Episodic diseases present with symptoms that affect all areas of life. One of the most debilitating of these symptoms are the “episodes” associated with these diseases. For example:
It is these experiences that often place enormous restrictions on the individual and produce much anxiety. The individual often does not know when the episode will occur and consequently their safety becomes jeopardized. If a fainting spell occurs while driving or crossing the street, the situation could be fatal. Work can become difficult as tasks or presentations become interrupted during these episodes and the response of the co-workers can cause embarrassment and isolation for the individual. Even something as simple as a staircase can become a complete restriction. Service dogs can re-open these activities and environments to the individual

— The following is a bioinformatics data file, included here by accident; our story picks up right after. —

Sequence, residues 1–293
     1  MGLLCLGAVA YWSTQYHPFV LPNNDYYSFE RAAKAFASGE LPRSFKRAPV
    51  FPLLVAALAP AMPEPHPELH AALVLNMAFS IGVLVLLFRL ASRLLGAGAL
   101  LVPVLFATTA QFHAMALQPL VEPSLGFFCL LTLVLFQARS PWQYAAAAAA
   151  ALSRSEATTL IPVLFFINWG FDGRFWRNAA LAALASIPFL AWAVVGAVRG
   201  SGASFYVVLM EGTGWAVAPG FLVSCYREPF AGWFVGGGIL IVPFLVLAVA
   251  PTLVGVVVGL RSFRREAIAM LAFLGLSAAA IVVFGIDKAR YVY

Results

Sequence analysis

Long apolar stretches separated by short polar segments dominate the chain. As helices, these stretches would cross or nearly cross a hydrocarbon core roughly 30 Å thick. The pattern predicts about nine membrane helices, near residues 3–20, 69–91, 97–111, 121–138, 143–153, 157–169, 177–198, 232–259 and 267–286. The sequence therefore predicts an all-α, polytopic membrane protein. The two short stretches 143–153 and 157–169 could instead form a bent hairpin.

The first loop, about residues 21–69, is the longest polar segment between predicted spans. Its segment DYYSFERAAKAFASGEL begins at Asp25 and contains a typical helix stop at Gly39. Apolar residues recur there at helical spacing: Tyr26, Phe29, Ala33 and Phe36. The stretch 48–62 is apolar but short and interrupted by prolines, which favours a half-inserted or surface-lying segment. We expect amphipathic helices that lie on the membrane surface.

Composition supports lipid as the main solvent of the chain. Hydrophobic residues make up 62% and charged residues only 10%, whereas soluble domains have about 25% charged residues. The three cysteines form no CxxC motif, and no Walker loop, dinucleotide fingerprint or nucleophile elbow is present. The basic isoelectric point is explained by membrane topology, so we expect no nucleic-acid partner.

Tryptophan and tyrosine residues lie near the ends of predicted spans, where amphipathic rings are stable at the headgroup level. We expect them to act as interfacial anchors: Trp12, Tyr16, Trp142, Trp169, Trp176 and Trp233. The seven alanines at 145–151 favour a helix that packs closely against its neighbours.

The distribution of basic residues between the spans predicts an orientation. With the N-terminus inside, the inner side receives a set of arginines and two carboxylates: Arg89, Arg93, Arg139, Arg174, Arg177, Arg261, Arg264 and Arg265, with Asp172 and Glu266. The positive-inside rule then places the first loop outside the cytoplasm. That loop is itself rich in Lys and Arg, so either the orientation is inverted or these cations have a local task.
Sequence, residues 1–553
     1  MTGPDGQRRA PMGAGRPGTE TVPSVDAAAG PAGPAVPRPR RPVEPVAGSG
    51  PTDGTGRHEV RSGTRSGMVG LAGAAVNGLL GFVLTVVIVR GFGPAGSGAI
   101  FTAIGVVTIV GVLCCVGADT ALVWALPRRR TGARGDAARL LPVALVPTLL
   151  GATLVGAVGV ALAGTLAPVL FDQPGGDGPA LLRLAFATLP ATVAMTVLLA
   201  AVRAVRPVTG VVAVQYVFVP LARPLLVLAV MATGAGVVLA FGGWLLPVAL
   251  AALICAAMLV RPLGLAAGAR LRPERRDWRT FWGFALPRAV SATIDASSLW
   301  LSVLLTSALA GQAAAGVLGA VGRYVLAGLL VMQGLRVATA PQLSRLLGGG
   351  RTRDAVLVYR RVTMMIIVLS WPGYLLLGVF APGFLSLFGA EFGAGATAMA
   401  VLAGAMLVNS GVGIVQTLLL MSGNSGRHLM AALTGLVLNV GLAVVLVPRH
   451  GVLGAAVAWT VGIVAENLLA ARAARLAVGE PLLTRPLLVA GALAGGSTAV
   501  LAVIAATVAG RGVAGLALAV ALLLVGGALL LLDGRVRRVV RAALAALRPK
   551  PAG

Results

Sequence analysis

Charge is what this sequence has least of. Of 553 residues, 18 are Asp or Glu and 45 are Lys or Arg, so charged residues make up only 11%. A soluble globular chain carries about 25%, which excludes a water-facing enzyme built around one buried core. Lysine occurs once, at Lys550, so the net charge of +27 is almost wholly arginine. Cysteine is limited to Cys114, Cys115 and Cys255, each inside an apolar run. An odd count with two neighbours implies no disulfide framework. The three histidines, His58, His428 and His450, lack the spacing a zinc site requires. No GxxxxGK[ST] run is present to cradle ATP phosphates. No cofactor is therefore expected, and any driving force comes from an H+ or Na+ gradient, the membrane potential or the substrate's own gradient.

Episodic disorders present a unique complication to the individual and the service dog trainer. The goal of episodic service dogs is that through training and exposure the dog will be able to alert to impending episodes, allowing the individual to seek safety or take rescue medication. Not all dogs can accomplish this. Trainers and science have yet to isolate the warning factors in episodic diseases. However, even if the dog never learns to “alert”, they provide many safety and comfort tasks during and after each episode.